Also, when you talk about the PlayStation Classic, using 9 PAL games on NTSC consoles was the most unreasonable decision ever. Most games for the PlayStation were optimized for NTSC, and Sony preferred money over quality.

  23. Your video production is great, as is the content, from one California based Brit to another! I really had no intention of buying/building this, but I watched the whole thing. Great stuff.

  24. Love the heavy "do this at your own risk" disclaimer. But very necessary. I have been trying to teach myself micro soldering for a while…i destroy everything i touch basically. Dude, you got some skills that most should not try to replicate….Peace.

  25. When I need to solder headers on a board, I find that sticking the long ends in a spare PCB board first makes it easier to solder them straight.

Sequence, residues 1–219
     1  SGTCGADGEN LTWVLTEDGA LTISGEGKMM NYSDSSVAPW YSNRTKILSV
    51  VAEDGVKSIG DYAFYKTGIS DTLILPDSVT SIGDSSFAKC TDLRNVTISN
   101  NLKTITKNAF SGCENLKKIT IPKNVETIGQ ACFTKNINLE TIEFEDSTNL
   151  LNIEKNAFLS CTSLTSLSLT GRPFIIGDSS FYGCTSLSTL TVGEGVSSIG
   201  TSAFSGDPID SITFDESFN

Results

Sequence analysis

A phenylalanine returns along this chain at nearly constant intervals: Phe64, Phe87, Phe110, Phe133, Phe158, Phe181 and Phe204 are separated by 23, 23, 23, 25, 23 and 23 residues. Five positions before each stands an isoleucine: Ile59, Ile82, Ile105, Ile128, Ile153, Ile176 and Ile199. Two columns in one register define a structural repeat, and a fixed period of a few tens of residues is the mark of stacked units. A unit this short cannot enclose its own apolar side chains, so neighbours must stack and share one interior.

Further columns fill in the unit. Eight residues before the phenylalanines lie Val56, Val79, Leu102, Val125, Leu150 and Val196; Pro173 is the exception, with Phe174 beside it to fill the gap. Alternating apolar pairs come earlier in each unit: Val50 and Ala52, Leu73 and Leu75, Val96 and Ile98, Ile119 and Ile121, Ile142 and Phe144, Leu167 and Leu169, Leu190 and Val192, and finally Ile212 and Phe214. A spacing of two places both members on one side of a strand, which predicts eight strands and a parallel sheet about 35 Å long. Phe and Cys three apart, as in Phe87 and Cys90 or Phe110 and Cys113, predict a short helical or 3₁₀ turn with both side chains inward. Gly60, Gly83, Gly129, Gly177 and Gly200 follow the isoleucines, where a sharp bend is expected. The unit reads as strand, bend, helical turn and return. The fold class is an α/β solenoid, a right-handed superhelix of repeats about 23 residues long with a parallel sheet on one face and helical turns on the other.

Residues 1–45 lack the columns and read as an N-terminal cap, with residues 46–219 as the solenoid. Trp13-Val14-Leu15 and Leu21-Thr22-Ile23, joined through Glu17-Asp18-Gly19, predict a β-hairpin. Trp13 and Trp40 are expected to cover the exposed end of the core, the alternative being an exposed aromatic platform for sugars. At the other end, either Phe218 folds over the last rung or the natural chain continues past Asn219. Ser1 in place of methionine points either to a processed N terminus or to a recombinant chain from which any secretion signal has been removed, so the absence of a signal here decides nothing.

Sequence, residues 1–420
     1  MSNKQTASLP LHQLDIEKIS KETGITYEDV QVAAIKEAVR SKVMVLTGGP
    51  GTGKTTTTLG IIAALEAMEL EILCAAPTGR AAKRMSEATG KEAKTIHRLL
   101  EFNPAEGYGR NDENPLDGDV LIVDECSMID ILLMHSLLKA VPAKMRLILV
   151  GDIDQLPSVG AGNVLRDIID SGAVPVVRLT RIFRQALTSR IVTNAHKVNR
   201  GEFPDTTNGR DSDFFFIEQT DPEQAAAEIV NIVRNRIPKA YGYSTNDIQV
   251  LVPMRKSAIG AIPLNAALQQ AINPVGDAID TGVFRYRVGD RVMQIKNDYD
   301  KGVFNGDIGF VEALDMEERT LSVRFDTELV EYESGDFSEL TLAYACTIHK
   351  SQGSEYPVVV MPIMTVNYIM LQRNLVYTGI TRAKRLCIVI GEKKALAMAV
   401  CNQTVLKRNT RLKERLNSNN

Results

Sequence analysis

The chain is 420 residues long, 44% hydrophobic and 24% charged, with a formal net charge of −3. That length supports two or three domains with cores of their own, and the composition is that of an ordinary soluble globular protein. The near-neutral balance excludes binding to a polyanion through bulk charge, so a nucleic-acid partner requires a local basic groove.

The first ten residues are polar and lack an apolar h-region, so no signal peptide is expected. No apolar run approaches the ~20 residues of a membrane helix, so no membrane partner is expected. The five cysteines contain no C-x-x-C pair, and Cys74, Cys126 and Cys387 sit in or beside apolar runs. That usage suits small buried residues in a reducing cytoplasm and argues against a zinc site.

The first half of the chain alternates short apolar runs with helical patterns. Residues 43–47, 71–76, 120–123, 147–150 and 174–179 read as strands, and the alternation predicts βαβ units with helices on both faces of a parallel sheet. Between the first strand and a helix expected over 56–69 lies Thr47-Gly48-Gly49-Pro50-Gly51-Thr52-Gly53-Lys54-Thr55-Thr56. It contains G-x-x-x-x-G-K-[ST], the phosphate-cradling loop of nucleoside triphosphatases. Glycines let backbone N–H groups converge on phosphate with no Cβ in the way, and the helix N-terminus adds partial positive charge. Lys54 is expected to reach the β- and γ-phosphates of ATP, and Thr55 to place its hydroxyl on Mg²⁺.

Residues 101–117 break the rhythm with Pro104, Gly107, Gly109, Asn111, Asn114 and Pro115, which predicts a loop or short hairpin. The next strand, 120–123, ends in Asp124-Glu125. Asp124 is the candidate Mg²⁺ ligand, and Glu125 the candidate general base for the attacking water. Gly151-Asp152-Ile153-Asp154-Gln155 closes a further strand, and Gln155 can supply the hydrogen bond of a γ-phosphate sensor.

26. I’m so glad people are making things like this for these old machines. Keeping the dream alive. I haven’t got in to the C64 much YET! I’m more of a ZX Spectrum fan but I do have a couple that i needed to save from death and repaired them. Feel like I did the world a service saving these pieces of history from the bin haha. Great work.

  27. one more great video! you keep bringing awsome content! thank you so much. Can’t wait to see what you are doing next.

  28. Nicely done 😄 Loved watching this video and especially loved the end card switch flipping to the rhythm. So satisfying. I love doing that, too 😇

  29. I wonder if I'm the only member of your audience that was expecting Loyd Grossman to take us on a tour of the PCB factory.

  30. This is still a messy solution. Ideally, what you want is an fpga that can mimic both chips and could be switched with simple logic.

  31. Do puppy frantic or Lady frantic have their own channels? Similar content from their POV would be really cool… And not just because she's prettier than you … No offense